The few seconds that's actually reclassification are quite good fun. Relatively speaking. You figure out the new call number, and by figure out, I mean 'copy what another library did', because duplication of effort is bad, right? You can't really avoid occasionally looking at the books, which tends to mean you get to know the stock really well. And this means that, wearing Sensible Hat, you can identify gaps in the collection. Without Sensible Hat, you can pretend to the students that you're made of magic when they ask you questions.
The other 90% is made of Stuff That Will Annoy You. The catalogue record has to be altered which, inevitably, involves noticing how bad the catalogue record is. So you've got to change it/resist the urge to change it/resist the urge to complain on Twitter that the 008 is different from the 260 and they're both wrong. You've got to take off the old labels, which is a challenge in itself, because Past Librarians used glue from the planet Bloody Stubborn and then covered the books in clingfilm's genetically mutated evil cousin. Then there's new labels and all that processing stuff and even with my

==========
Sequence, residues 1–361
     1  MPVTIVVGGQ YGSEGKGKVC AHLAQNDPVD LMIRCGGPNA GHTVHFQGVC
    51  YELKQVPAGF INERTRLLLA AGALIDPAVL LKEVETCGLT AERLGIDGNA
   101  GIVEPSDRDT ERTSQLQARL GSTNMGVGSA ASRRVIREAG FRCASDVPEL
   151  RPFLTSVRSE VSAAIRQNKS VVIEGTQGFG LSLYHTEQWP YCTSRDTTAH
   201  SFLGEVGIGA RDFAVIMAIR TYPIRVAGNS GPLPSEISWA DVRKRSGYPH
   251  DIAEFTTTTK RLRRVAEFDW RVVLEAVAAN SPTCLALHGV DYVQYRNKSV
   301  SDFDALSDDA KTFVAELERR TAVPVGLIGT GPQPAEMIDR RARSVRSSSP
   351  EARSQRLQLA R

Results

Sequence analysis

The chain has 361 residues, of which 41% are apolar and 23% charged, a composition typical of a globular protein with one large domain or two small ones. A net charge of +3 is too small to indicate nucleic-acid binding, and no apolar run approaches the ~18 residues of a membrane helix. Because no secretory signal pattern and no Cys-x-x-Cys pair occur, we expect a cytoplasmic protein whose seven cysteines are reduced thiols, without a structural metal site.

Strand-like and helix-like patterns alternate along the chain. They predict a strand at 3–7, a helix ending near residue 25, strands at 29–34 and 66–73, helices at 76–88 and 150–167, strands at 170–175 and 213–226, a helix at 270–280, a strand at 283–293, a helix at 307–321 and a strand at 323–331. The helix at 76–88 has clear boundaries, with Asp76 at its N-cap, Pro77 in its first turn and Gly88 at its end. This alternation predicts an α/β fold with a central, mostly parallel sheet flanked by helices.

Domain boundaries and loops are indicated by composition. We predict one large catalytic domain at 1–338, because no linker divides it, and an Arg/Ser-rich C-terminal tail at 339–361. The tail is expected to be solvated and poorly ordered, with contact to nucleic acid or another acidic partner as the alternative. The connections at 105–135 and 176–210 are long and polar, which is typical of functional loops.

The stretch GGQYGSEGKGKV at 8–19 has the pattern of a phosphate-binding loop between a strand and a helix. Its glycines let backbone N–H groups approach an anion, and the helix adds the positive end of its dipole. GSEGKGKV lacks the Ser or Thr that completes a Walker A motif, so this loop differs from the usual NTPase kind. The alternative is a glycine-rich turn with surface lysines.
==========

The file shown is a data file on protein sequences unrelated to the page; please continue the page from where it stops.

You'll need supplies.
I don't just mean a sneaky hipflask in your filing cabinet and an emergency emergency chocolate stash (though, to be clear, I mean this). But I also mean a map of the library, a calculator, and a tape measure. Oh, and a torch, hard hat, spirit level and a couple of rowers. Because reclassification means book moves. And because trying not to cause disruption means getting things back on shelves in their new order faster than you can say Blue Monday it means LOTS of book moves. Pretty much, in fact, all the time.